The onslaught continues, this time with another beloved Nintendo classic! Spectacular 2.5D platformer Yoshi’s Story, a sweet and endearing tale with silly enemies, environments, and of course, playable loveable dinosaurs! With… long tongues that eat a whole lot of everything. Including people.
Er, anyway, on with the whole once upon a time business. Yoshi’s Island was a happy place, filled with life, love, and laughter. The Super Happy Tree provided all the Yoshis with an infinite supply of delicious fruit, which made them so very cheerful. Then, Baby Bowser saw the Super Happy Tree and how happy all the Yoshis were, and he began to feel jealous. In his envy, he stole the Yoshis’ beloved tree and turned the entire island into a pop-up book. As fate would have it, six eggs survived the gloom, and together decided that they would fight the great sorrow by eating fruit and being happy! And, of course, venturing to Baby Bowser’s castle and taking their tree back.
The mechanics of Yoshi’s Story are easy to grasp but hard to master. A button once will make Yoshi jump, and A while midair will cause it to dip slightly then do a flutter jump. Good for strong height gains, but requires timing. B button will make Yoshi stick its tongue out, which can serve many, many purposes: Eating fruit, roping across chasms, snapping up coins, secret hearts, slurping up enemies, smacking bosses, even hurting you (if you try to lick something spiny). Z button while midair will make Yoshi do a ground pound. This function is very useful for breaking blocks, changing the colors of certain enemies to make them yield different health/fruit, or just to shake things up. The C buttons are used to throw exploding eggs that Yoshi pops out after eating foes.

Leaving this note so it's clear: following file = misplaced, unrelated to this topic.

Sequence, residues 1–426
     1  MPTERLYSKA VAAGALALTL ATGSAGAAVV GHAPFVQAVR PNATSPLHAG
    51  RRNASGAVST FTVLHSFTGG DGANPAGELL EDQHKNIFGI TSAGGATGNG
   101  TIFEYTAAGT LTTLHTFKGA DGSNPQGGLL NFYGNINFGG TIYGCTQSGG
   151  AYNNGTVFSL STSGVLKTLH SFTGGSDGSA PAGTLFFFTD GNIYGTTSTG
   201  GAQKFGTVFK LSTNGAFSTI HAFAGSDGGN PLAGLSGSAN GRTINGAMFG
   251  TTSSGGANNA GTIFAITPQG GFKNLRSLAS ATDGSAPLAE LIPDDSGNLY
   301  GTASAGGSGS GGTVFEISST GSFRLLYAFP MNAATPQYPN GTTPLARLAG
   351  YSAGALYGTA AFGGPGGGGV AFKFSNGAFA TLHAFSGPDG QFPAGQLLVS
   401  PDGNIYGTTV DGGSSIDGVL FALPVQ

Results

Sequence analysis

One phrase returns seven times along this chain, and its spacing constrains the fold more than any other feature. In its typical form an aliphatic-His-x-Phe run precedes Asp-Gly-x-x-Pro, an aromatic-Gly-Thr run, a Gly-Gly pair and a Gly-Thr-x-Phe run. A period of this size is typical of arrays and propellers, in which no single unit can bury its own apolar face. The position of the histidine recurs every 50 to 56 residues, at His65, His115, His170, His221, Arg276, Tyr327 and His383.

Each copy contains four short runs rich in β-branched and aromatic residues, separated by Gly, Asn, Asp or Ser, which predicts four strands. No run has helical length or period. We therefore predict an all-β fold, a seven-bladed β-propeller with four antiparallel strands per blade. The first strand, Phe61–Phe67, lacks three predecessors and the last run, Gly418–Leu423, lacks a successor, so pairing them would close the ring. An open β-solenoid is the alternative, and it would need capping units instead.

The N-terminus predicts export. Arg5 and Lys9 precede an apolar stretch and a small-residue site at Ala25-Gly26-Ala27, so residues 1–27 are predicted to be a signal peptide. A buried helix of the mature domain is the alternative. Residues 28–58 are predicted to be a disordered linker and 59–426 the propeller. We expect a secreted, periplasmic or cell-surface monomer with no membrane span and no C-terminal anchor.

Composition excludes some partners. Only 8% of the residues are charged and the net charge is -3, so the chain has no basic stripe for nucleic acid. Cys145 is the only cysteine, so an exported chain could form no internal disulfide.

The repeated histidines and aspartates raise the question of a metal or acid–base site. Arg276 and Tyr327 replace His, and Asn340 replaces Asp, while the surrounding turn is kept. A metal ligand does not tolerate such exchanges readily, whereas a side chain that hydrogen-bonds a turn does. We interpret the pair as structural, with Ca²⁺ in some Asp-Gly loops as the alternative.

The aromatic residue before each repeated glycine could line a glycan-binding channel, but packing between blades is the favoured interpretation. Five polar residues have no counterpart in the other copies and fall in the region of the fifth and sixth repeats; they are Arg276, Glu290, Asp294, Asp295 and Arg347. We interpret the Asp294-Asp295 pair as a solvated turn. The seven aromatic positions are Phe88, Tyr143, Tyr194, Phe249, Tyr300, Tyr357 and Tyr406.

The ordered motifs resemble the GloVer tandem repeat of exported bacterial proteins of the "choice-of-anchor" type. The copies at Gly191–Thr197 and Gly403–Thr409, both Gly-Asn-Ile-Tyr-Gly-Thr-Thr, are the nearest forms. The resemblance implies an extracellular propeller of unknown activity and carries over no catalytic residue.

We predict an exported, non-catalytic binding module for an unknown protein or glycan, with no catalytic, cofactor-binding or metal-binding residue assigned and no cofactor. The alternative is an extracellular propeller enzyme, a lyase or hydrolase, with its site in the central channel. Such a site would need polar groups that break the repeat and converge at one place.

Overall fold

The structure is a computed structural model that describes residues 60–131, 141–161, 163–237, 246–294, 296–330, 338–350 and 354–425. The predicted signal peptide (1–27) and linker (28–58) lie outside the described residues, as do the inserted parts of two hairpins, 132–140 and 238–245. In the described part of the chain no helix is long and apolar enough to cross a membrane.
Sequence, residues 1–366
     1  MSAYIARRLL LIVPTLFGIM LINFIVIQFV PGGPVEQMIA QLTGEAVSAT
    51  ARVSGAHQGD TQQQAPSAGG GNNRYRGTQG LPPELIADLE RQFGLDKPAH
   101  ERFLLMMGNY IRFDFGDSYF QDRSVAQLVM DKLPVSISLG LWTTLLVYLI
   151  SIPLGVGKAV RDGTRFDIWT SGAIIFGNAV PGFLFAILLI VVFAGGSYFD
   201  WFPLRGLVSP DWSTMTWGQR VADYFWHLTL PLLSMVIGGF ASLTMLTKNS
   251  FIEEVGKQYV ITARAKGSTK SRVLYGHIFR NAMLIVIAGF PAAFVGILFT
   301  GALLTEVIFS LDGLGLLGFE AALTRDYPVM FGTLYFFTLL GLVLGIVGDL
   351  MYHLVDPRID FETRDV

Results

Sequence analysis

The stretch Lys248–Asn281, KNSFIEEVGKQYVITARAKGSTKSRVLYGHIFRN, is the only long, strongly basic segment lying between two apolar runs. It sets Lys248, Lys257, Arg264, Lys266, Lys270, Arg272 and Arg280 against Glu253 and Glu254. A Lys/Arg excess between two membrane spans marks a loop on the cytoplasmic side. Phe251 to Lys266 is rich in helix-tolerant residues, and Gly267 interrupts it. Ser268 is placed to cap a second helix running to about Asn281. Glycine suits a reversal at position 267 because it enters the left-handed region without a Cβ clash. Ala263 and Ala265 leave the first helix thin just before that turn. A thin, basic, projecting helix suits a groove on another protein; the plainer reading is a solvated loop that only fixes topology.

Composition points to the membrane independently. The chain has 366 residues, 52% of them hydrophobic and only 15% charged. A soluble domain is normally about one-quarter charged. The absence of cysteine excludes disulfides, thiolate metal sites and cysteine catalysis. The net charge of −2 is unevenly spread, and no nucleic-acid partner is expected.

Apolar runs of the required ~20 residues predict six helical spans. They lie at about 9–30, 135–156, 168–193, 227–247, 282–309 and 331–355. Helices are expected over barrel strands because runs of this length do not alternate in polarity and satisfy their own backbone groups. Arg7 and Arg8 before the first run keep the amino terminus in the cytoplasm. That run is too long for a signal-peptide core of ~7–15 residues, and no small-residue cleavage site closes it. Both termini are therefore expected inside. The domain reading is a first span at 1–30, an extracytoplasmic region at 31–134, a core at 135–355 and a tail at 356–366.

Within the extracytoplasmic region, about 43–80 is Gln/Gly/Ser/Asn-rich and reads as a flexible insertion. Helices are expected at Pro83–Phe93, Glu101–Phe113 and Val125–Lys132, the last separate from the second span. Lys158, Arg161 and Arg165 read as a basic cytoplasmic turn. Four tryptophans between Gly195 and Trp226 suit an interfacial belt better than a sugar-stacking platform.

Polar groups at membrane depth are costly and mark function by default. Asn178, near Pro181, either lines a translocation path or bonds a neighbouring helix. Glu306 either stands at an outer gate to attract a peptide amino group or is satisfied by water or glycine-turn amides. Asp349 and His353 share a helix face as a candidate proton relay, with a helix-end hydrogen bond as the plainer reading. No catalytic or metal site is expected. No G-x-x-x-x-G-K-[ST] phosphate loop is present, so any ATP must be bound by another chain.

There is an interesting means of level selection in Yoshi’s story. First things first, though. There are six pages to the storybook before the final boss fight, and each page consists of four possible stages. You only have to do one stage per page, though. Stages are selected by the number of special hearts you find in the prior area. Special hearts are hard to miss; giant, red, and they make a chiming sound if you get even remotely near them. Be warned, though. The more hearts you collect (up to 3), the harder the next stage will be. Don’t be deceived by the fact that this is a kid game. Fourth level stages’ll kick your butt.
Gameplay itself is what makes the game really fun. Instead of having to reach some goal or collect some final item, all Yoshi has to do to complete a level is eat 30 pieces of fruit. It doesn’t necessarily matter what kind gets eaten, just so long as the allotted number reaches 30. I will mention, however, that a super secret bonus is awarded to Yoshis who manage to eat 30 melons. There are a total of 30 melons hidden in each level, some buried underground (sniff ‘em out with R button when Yoshi starts showing signs), some caught in coin, time, or platforming challenges, and some are even hidden inside special enemies.
Speaking of super secrets, hidden within the later levels are two special Yoshis, one black, one white. They gain health bonuses from eating anything, including the normally harmful peppers and black Shyguys. The eggs they throw are super strong, and their explosions are super huge. Good news is, if they get gloomy (in-game term for die), you can use the regularly discovered white Shyguys to bring them back from Baby Bowser’s clutches.
If ever any worthwhile reassurance were to be given, this would be it: Yoshi’s Story is a very fun game for kids of all ages. I still enjoy blowing off the old N64 cartridge and putting an hour or two into Yoshi’s Story. I think you would too, after procuring the game via emulator or by online purchase! This isn’t a ploy. This is an order.